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State “Victim Compensation Fund” Proposal Gaining Support


Monday, October 29, 2007   

St. Paul, MN – A proposal to provide compensation to victims of disasters, including those in the I-35 bridge collapse, is getting support from the legal community. Joe Crumley with the Minnesota Association for Justice says current law limits the state's liability to $1 million for all claims, which may not cover even one person's expenses.

"When a family member is injured or killed, it can be a horrible trauma for a family. It's only fair that they avoid having to deal with some of the financial problems that result."

The bridge collapse killed 13 and injured 100, and has prompted lawmakers to hold a series of hearings to consider a compensation fund. The legislation is expected to be introduced during the next session.

State Representative Ryan Winkler says he plans to introduce the "Disaster Victim Compensation Fund" bill because victims' needs are immediate, long-lasting, and expensive.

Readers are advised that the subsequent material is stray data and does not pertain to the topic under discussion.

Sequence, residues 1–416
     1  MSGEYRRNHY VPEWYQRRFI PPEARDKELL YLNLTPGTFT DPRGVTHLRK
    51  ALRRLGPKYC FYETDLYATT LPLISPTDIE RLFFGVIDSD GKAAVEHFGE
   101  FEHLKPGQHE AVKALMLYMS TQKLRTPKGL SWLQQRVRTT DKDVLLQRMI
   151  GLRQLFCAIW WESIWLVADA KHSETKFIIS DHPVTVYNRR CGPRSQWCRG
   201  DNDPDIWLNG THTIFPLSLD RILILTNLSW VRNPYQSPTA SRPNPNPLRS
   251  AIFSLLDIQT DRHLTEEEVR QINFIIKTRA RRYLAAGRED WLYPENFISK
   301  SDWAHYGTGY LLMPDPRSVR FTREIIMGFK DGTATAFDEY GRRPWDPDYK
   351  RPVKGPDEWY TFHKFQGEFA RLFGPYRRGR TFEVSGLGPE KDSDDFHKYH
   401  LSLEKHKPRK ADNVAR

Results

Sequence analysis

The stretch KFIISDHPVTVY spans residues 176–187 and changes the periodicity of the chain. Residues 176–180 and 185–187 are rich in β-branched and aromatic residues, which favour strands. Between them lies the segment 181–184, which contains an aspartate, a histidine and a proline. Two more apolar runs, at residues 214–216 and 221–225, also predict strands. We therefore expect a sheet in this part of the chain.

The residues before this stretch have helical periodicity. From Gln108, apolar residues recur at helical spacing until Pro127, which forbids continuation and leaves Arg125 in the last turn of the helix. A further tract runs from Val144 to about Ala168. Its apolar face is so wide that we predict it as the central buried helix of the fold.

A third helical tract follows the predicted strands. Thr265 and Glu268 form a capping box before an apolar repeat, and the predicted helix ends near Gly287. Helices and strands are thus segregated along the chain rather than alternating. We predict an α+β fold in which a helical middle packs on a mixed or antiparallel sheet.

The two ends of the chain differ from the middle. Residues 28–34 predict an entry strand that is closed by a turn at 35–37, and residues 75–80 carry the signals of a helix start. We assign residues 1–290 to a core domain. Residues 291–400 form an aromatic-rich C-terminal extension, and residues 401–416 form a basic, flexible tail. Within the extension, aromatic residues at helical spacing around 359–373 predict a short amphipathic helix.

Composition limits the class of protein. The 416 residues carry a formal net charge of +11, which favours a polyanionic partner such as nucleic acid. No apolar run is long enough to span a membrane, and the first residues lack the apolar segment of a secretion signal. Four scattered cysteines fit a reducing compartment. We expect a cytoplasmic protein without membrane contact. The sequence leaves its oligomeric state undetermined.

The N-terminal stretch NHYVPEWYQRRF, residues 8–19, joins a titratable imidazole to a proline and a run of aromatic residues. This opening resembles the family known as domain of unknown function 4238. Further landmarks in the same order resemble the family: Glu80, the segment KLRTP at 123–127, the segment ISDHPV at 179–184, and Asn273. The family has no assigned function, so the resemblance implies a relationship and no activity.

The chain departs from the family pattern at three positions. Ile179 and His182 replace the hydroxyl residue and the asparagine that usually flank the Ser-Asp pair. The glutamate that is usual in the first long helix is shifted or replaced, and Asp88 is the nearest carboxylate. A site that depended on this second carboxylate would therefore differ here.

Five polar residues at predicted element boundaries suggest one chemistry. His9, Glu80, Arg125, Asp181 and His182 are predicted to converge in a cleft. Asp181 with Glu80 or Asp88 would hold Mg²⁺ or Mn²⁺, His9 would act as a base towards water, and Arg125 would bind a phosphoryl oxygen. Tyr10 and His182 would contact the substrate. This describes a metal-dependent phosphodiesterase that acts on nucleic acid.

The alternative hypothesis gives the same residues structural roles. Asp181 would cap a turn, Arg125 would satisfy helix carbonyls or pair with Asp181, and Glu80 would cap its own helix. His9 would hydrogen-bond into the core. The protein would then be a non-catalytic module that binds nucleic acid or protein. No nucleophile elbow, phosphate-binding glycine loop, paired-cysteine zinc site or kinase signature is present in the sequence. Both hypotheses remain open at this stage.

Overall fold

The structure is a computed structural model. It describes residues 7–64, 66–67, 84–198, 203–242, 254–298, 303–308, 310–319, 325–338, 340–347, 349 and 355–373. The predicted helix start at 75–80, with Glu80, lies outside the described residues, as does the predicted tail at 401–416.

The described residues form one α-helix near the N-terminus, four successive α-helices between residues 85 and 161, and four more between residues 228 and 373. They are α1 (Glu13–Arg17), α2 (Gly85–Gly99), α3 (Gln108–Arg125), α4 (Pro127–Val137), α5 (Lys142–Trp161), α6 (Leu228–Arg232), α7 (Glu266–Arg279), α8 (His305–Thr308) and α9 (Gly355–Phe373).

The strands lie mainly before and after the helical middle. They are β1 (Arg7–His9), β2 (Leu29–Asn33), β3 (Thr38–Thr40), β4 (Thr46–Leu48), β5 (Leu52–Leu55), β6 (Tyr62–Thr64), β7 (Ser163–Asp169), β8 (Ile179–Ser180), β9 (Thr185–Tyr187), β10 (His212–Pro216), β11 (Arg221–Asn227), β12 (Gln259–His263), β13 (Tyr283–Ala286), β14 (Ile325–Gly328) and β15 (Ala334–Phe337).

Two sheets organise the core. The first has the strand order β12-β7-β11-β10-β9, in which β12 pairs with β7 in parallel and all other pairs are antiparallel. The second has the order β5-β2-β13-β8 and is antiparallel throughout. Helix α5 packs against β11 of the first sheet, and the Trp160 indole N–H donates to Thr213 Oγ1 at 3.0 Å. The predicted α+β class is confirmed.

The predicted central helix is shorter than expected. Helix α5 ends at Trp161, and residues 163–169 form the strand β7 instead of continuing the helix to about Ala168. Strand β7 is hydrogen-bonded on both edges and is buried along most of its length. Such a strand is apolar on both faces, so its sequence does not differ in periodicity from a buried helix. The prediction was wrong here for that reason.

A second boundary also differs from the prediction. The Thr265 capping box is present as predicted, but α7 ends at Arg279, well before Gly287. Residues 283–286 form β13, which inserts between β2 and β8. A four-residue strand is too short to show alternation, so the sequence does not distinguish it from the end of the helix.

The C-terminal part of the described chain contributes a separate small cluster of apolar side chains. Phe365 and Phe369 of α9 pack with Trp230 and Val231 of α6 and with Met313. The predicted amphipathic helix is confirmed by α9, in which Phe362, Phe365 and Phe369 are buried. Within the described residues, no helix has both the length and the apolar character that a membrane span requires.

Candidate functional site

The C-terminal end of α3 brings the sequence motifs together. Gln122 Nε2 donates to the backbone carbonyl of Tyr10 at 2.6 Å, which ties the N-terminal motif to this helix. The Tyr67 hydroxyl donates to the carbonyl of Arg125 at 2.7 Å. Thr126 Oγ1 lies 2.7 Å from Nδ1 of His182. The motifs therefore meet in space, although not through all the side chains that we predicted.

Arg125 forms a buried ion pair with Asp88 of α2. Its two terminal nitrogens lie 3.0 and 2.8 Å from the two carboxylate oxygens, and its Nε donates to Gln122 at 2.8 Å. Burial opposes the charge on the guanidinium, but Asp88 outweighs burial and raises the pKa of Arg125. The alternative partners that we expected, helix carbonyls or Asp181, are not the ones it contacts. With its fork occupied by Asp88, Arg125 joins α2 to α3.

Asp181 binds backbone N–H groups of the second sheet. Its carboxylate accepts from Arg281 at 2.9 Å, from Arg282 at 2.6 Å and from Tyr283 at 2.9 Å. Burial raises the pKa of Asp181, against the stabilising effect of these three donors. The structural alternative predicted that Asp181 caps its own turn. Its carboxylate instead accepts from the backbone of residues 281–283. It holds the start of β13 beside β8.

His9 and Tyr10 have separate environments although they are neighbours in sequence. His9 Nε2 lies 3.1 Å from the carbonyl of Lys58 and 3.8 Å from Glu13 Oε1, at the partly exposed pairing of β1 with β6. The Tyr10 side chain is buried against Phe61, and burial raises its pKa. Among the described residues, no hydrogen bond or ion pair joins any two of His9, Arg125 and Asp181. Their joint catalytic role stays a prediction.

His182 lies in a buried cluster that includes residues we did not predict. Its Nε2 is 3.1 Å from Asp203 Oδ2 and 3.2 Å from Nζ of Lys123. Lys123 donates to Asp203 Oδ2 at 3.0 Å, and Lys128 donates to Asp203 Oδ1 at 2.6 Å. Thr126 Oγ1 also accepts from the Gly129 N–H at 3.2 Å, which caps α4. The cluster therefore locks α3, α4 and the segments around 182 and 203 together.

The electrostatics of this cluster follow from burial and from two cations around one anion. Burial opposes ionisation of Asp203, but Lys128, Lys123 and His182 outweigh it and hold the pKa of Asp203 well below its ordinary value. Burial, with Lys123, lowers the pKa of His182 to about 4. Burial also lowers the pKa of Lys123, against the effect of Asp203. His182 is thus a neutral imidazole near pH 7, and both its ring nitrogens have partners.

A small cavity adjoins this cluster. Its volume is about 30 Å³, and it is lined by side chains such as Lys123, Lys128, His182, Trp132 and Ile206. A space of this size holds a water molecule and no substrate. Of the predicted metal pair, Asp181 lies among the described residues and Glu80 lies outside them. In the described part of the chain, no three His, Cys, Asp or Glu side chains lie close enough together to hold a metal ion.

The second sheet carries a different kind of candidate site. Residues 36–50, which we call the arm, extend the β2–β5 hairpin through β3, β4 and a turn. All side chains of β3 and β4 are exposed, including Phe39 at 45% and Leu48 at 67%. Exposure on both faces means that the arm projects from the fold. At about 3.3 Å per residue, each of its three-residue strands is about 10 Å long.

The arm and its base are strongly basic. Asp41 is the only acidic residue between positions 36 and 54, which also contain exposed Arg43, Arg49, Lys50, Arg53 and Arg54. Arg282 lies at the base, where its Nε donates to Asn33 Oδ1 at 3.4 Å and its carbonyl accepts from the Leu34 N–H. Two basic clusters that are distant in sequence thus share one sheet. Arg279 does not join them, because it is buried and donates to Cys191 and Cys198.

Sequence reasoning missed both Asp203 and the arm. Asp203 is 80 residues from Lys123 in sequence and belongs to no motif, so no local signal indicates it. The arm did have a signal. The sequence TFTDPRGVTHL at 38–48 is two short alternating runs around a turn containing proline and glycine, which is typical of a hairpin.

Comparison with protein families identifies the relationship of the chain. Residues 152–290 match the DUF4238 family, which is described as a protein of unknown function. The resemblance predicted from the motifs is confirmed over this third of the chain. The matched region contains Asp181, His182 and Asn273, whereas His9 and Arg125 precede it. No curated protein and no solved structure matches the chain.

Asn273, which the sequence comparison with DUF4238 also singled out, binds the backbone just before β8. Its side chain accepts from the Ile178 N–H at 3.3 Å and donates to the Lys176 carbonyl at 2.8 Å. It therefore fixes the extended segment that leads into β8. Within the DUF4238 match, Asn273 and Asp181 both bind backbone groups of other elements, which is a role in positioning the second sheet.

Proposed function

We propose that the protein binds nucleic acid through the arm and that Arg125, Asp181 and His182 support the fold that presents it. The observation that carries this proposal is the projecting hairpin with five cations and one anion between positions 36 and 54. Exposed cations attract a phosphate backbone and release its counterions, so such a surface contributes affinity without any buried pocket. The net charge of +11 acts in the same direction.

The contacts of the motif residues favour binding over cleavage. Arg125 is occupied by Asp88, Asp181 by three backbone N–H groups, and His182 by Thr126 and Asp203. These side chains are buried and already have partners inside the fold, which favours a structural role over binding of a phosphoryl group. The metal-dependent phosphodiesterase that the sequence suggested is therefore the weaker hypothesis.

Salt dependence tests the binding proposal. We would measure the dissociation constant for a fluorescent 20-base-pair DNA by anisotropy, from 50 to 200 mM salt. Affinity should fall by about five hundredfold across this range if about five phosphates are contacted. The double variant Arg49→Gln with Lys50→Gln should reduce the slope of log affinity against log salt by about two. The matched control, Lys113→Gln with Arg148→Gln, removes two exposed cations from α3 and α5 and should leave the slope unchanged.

"The fund is a separate pool of money that disaster victims could tap into to meet their economic and medical losses, and potentially their pain and suffering expense loss, in exchange for waiving their right to sue the state of Minnesota through traditional litigation."

Winkler explains it's a matter of balancing financial, and human, priorities.

"We already have a budget of $400 million to reconstruct the bridge's physical infrastructure. We don't have any budget, and we've paid no attention whatsoever to the reconstruction of the lives of the people who were affected. We need to honor the human toll that this tragedy has taken."

He says it would be modeled on the compensation fund Congress established following the terrorist attacks on September 11, 2001, and would retroactively cover the victims and families of the bridge collapse. Governor Pawlenty has hinted at support through a spokesman, who says the Governor believes "the state should assist survivors and the families of victims."

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